Sarah Palin infected the health care debate with damaging misinformation last year when she claimed the package includes "death panels." And as Democrats make their final push to enact the bill, she has reiterated it.
Palin coined the term in a Facebook entry last August, leading to heated controversies about the reform effort. Republican lawmaker Sen. Chuck Grassley (R-IA) echoed the former Alaskan governor, telling constituents that they "have every right to fear" such a bill.
But the notion that the concept exists in any form in the legislation has been debunked by The Associated Press and FactCheck.org, among other organizations. The nonpartisan PolitiFact awarded it "Lie of the Year" in 2009, a testament to its inaccuracy and far-reaching impact.
On Sunday, Palin took to Facebook to revive the claim as it purportedly pertains to the "rationing" of health care.
"Government health care will not reduce the cost of medical care; it will simply refuse to pay it," the former vice presidential candidate wrote. "And who will get left behind when they have to ration care to save money?"
"Please ask yourself: who will be left behind?" she continued. "And who will decide -- what kind of panel will decide -- who receives the health care that government will obviously have to ration?"
Palin argues that the Democratic package would lead to rationing of care by a federal government "panel," which she suggested would have the power to strip treatment for needy patients. But the legislation does not allow this to occur as it contains no expansion of government-controlled insurance.
In fact, the objective of the bill is to minimize the rationing of care presently carried out by the private sector. Insurance companies are legally able to deny coverage to patients on the basis of pre-existing conditions and drop sick people from plans, even if they've paid their premiums in full. The Democrats' reform effort would put an end to these practices.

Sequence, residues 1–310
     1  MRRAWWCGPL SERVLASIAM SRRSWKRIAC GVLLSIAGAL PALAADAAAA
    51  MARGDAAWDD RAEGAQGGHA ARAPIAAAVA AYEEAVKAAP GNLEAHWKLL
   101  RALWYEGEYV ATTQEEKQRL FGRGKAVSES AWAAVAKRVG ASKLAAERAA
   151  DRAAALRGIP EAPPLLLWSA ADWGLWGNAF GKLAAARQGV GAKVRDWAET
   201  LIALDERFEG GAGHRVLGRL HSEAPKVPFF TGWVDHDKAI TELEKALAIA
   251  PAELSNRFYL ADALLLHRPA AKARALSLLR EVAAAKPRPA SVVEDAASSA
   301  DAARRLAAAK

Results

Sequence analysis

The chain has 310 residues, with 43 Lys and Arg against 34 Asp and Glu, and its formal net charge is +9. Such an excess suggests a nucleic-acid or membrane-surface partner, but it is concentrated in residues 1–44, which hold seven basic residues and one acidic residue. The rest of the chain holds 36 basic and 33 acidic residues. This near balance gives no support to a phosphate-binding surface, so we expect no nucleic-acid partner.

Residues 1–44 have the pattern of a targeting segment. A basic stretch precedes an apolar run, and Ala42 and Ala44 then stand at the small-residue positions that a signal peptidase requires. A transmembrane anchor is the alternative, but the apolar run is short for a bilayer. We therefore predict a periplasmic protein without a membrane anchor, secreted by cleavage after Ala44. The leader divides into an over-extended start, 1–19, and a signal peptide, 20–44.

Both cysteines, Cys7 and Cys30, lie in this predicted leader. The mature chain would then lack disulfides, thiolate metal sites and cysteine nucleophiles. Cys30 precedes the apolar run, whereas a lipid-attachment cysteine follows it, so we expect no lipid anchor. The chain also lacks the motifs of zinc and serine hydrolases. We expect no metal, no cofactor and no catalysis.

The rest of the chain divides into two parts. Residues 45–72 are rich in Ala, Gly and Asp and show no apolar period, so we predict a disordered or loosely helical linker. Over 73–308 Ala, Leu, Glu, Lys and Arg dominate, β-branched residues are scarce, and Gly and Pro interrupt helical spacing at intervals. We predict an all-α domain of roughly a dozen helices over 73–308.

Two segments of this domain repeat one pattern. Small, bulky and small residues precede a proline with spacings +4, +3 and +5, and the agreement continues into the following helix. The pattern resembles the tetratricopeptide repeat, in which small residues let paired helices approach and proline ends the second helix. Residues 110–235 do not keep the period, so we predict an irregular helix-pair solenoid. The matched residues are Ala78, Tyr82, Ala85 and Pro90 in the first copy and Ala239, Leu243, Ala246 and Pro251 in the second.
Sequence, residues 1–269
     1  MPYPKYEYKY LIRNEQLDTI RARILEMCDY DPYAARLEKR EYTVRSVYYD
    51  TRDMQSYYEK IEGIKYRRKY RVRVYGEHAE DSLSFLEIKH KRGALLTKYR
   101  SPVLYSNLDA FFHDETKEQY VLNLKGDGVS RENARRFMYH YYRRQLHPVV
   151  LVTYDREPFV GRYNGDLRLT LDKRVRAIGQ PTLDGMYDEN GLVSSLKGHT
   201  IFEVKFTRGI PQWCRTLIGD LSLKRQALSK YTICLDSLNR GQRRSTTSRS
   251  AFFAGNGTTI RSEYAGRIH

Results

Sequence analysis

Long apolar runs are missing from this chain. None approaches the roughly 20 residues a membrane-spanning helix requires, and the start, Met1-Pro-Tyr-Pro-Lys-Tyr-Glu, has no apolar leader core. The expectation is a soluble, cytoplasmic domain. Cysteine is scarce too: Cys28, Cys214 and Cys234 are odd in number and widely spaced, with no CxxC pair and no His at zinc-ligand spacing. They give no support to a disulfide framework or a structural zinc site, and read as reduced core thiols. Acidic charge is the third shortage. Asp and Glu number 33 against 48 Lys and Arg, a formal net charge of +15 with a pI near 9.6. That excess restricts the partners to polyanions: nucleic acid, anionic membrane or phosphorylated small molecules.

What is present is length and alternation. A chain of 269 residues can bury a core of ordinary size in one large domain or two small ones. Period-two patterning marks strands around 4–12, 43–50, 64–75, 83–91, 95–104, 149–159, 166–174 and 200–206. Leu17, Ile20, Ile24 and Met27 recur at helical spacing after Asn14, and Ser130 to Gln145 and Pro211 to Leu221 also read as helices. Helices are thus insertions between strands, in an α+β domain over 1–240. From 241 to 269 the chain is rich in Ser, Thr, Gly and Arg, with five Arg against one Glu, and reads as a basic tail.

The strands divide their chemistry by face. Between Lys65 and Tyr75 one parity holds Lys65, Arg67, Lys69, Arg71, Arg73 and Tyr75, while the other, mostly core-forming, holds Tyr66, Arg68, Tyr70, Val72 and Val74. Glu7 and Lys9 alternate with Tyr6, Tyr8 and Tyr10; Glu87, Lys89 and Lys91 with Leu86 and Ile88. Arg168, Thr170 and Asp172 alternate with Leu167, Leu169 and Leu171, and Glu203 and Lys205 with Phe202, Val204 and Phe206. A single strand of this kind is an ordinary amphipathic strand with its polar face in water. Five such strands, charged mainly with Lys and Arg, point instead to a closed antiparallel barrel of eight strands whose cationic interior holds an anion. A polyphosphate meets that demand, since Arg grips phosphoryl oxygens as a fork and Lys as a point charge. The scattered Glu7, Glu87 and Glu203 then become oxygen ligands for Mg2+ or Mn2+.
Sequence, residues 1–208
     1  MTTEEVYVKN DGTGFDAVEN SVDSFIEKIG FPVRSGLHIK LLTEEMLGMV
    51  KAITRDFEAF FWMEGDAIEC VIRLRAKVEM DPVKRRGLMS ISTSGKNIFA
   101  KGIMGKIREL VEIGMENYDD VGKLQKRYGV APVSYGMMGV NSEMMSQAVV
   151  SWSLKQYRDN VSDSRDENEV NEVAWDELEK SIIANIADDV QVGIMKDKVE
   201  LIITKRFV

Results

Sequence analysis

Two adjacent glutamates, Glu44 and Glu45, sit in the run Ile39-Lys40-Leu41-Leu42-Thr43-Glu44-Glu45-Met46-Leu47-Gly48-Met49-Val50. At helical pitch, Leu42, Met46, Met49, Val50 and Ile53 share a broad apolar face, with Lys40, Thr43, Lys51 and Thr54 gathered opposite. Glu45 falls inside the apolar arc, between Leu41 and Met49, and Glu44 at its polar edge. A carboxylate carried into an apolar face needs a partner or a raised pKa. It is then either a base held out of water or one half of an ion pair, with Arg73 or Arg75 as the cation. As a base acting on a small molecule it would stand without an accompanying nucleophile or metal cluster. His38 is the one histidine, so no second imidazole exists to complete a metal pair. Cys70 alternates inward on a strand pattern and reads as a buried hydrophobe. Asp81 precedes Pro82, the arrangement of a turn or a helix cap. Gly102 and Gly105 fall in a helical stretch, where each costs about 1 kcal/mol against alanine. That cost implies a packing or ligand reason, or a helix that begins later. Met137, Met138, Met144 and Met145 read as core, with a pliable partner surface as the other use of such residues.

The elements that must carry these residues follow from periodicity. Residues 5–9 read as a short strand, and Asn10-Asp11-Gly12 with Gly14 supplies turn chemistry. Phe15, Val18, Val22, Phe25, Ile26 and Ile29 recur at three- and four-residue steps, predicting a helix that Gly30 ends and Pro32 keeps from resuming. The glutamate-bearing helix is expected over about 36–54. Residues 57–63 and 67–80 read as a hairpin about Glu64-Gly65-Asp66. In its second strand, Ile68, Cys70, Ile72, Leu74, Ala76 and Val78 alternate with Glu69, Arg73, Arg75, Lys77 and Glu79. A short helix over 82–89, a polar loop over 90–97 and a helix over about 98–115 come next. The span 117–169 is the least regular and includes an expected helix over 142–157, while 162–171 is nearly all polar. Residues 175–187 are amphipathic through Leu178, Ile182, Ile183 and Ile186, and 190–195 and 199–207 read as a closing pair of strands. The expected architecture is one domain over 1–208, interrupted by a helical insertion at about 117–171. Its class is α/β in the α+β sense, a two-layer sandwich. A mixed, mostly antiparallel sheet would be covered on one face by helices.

Along with stiffer insurance regulations, the bill contains subsidies for low-income individuals and an individual mandate that they purchase coverage. The nonpartisan Congressional Budget Office says it would cover an additional 31 million legal American residents and reduce the deficit by $118 billion over ten years.
In other words, the legislation allows the federal government to help fund health care coverage for those who lack it, but not assume control of any private-sector insurance programs. As a result, it precludes the government from being in a position to ration health care treatments.
The prospect of expanding government-based insurance has been debated in the form of a public insurance option and a Medicare buy-in program, but neither made the cut for the Senate bill, and neither is in the final reconciliation package.
In Sunday's Facebook note, Palin blasts the Democratic health reform bill as damaging to the United States and a betrayal of the public's will. "[W]e have to kill this bill before November," she writes.
President Obama's senior adviser David Axelrod and spokesman Robert Gibbs expressed confidence Sunday that it would pass within a week.